A good half of the film is told in flashback that features Wasson almost exclusively along with Alice Krieg, an actress who will forever be the Borg Queen to me. Krieg’s character runs throughout the story targeting the life of both David and Don but also The Chowder Society. Krieg has a great eternal look and it made her perfect for the role. More surprising was the large amount of skin she showed off in this film. Judging from the sex scene between Krieg and Wasson’s characters, Picard don’t know what he missed out on. While the flashbacks are a necessity for the film, they also make it very slow going. Just when I was really getting involved in the characters, the film shoots off in a different direction for nearly thirty minutes. Ghost Story runs just under two hours, and I think that it could have been much more streamlined. The slow pace did serve to build tension, which is paid off with a few well placed shocks, but much of what is shown seems superfluous with only a tenuous connection to the main story.

Cinematography was handled by the legendary lensman Jack Cardiff whose credits include classics like The Red Shoes (1948), The Vikings (1958), and Rambo: First Blood: Part II (1985). The cold brutal nature of the New England winter definitely informs the film and Cardiff brings that cold sense of mystery through the screen. The score by French composer Philippe Sarde also informs this mood with his classically inspired score bringing to mind the staid aristocracy of the Chowder Society. Interestingly, Sarde also provided the score for Astaire’s next to last film, 1977’s Un taxi mauve.

All of these pieces should fit together perfectly to make Ghost Story a classic film, but the pacing of the story is so haphazard that it really cut into my enjoyment of the film. If it hadn’t been for the presence of the four powerhouse veteran actors, my attention likely would have waned somewhere around the hour mark. Ghost Story is a good supernatural film, but I can’t say it is a great one. Fans of Astaire, Douglas, or Fairbanks Jr. will surely enjoy seeing the actors have one last hurrah, but if this Ghost Story were being told while camping, you wouldn’t have a bonfire just a slow, slow burn.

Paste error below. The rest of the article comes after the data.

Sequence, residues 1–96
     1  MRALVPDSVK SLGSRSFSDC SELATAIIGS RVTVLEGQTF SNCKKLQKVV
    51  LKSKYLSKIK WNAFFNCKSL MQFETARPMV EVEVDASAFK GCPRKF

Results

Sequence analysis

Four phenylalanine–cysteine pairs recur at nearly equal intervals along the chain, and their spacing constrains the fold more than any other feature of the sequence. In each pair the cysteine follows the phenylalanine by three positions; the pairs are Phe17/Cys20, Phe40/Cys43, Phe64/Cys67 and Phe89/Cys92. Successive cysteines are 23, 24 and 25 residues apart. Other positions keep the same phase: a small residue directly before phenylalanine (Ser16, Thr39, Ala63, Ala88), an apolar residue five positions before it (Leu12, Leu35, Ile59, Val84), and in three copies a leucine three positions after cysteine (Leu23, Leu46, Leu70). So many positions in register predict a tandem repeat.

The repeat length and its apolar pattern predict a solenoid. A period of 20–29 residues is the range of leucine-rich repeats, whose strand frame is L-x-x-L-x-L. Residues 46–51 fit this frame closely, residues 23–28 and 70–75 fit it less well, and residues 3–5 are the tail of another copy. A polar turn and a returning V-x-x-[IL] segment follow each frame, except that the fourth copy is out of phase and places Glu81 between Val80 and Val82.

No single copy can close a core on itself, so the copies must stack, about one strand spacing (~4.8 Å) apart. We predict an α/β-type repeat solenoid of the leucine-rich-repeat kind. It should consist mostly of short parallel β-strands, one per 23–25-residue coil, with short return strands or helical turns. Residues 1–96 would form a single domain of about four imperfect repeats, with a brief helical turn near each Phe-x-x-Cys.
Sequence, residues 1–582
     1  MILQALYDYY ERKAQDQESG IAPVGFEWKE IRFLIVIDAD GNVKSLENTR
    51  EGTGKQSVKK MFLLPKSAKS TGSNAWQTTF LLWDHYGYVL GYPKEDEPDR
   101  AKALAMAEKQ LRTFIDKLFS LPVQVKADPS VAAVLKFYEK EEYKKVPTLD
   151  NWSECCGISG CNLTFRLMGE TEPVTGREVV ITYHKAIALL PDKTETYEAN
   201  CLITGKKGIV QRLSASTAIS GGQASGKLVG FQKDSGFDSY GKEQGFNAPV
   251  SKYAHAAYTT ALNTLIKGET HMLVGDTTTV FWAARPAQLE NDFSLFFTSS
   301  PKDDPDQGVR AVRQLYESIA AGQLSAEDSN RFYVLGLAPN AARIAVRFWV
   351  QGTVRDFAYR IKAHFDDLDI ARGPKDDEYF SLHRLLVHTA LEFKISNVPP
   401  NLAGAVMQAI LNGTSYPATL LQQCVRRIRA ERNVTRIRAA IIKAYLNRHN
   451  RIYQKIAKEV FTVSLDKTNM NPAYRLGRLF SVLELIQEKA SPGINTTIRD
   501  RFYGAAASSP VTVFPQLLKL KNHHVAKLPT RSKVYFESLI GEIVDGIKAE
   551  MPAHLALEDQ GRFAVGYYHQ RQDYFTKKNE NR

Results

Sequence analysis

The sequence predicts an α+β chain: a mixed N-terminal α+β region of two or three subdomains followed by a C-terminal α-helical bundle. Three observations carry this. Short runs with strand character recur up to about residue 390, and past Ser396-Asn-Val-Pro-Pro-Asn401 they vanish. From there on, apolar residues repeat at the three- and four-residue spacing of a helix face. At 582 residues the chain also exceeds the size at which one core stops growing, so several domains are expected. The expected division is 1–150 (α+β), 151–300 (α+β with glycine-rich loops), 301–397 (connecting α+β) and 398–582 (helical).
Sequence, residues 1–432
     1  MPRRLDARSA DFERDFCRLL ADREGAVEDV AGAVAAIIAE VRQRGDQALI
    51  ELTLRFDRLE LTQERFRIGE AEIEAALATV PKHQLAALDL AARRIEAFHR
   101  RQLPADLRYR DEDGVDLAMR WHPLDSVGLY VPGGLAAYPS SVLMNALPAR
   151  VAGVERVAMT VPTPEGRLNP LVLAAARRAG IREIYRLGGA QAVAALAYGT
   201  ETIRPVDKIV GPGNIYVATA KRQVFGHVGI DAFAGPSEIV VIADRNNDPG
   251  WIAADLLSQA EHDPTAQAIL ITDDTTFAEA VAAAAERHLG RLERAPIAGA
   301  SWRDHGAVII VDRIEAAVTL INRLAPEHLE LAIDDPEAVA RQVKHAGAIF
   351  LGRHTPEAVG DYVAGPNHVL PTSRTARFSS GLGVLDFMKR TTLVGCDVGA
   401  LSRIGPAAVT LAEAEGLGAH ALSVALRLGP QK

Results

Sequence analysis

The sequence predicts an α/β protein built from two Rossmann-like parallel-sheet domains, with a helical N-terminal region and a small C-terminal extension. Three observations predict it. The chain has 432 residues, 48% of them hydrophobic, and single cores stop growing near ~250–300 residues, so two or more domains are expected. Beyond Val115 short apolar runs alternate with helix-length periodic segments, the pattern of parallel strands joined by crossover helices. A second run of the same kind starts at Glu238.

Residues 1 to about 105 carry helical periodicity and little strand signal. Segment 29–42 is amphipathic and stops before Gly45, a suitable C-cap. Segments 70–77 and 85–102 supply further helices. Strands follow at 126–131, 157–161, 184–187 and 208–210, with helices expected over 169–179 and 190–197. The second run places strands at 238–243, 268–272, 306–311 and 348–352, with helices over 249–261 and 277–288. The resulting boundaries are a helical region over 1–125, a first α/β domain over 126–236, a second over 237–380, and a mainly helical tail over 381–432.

Bugg Rating 


  1. I didn't think much of this film, but it's a great moment, as I remember it, when a villain tells Astaire, "You're gonna die," and the old man responds, "Like hell I will." If you can't dance, that's how you end a career.

  2. This has been a fave of mine for years. I found the story to drag at points, but as you said, the presence of such legendary actors really made me embrace it. I have a VHS copy of it, and one of the days I will hunt down the DVD.

  3. I've always held a great fondness for this film, even though the book is one of my favorites and is so much better than the movie...

    But I love some of the quiet moments of horror - Eva standing behind a tree glaring out - or her on that snow covered road, right before Houseman gets his.
    A slow burn, yes. But it does leave a scar.

    And Pax - it's on Amazon for around 13 bucks:)

  4. jervaise brooke hamsterMay 17, 2010 at 6:13 PM

    Alice krige was quite a tasty bird back in `81 although at the time of filming she was 26 so 8 years past her peak already (strickly speaking).

  5. I love this novel, and for that reason have always avoided the film because it attracts such lackluster notices. Maybe one day I'll get around to it . . . or maybe I'll just read the book again.

  6. C.L. Haddon is a hot chick.